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cockswain's avatar

My wife had a business last year. Should we still file our taxes jointly?

Asked by cockswain (15186 points ) March 13th, 2011

I’ve done some quick google searches on this, but figured I might as well tap the considerable resources of Fluther as well.

My wife and I have filed jointly since we’ve been married. Last year, she ran a small business that lost money. We own a house we live in, and own a property on which we collect rental income. I’m the one that does the taxes, and I find it to be a PITA since the tax software I’ve used doesn’t handle rental income/loss very clearly and intuitively. I’m thinking figuring taxes on her small business will be an even bigger PITA.

I know I could use the software to file both ways and see which reduces our tax liability the most, but if I can avoid several hours of additional work with good advice, that would be better.

Also, does having a small business complicate things to the point that I don’t want to mess with it as an “amateur” tax preparer? I’ve got a good head for numbers, but don’t want to make a significant error if it is easy to do so. FYI, I’ve used TaxAct online the last couple years, and was thinking of trying TurboTax instead. TaxAct seems better for simpler taxes. If someone has a good software recommendation, I’d welcome the suggestion.

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8 Answers

BarnacleBill's avatar

How was the business organized? Did she draw a salary? The business may have to file its own return.

I would bite the bullet and get professional help.

cockswain's avatar

It was loosely organized. It was just her, and she staged homes for sale with art and furnishings created by local artists. Just guessing, she probably poured $7K-$9K into it, with revenues around maybe $2K. She might have spent around $500 on help from other people. I couldn’t really say she drew a salary. She just sustained herself from our savings.

AmWiser's avatar

It’s possible that you might be able to file a Schedule C if you are self-employed full or part time as a sole proprietor. Look at the form and see if you want to tackle it yourself. It’s not terribly difficult, but if it’s not done right it could be questionable to the IRS. Also you should look into having a tax pro prepare your taxes as a free estimate to see if you want to go that route. Good luck.

marinelife's avatar

The only way to know for sure is to calculate them both ways. However, since her business took a loss, it would seem that filing jointly would be beneficial.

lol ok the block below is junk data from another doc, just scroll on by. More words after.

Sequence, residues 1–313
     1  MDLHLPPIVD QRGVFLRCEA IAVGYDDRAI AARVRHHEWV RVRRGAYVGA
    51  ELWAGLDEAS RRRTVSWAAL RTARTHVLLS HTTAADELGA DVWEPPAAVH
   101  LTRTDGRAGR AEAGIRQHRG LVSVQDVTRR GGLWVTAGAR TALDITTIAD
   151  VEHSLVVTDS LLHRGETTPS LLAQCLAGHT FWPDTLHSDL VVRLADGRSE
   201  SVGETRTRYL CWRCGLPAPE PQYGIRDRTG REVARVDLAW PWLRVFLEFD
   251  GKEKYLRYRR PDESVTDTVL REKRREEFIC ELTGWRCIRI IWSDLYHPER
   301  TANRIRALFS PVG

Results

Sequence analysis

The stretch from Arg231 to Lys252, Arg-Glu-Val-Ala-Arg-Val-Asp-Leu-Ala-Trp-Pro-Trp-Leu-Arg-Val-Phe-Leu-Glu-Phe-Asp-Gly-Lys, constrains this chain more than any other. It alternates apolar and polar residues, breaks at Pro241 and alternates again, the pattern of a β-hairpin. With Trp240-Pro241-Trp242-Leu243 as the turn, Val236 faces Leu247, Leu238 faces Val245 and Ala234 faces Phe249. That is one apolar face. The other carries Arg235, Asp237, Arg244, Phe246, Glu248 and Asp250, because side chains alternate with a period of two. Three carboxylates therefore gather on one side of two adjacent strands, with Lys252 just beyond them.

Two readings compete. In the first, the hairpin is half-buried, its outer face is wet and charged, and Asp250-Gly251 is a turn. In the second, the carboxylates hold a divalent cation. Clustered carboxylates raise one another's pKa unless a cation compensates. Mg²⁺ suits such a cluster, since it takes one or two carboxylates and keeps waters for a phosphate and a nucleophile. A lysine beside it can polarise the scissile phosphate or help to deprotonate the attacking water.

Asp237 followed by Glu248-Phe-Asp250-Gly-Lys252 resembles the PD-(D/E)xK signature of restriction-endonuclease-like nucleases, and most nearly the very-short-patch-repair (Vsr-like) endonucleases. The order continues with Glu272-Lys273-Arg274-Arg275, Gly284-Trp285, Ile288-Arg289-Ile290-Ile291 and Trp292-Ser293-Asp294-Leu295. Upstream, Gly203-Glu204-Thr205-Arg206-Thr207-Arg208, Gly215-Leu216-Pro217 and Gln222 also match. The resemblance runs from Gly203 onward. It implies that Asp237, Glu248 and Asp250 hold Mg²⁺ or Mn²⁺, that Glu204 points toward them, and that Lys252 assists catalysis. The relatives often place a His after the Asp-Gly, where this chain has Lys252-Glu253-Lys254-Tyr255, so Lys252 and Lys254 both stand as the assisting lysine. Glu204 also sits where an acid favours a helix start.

cockswain's avatar

@marinelife Can you explain why that would make it beneficial?

geeky_mama's avatar

My husband has a business (LLC) – and like your wife he also ran at a loss for 2009 and 2010. Our accountant has always had us file jointly (and I have always had my employer take out more taxes).

There are specific positives and negatives to our situation. For example, one negative is that you’re responsible (as anyone who is self-employed) for both the employer and employee portions of FICA and Social Security taxes.
One positive is that our office space in our home (and depreciation of that space and the vehicle used for his business miles) get us some taxation relief.

If you can afford it (around $100) I strongly suggest you find an accountant to assist you. There are SEVERAL very specific forms, estimations and expense tracking requirements for small business owners that I cannot imagine a consumer packaged software having the ability to cover adequately.

Also, your tax preparation expenses can be written off (next year’s taxes).
Our accountant has been worth every penny we’ve paid each year.

geeky_mama's avatar

Ah…I just read more above…where you stated that she was “loosely organized”.
Um, yeah, that doesn’t bode well. Been there, done that – got screwed royally despite not making much money.

For taxation purposes she really needs a Employer Identification Number (EIN). First and foremost I advise you to seek a trained accountant who can assist you in perhaps forming an LLC (no need to be “incorporated”).

After that it will be easier for her to realize expenses in the name of the business. Might be a tough filing this year, though. Being just “self-employed” is different than being a small business. I’ve done both—and I lost considerable money being self-employed.

marinelife's avatar

@cockswain You will have your social security taxes, which may be enough if your wife had a loss.

Also, you will be able to put her business loss against your income to decrease the amount of taxes that you owe.

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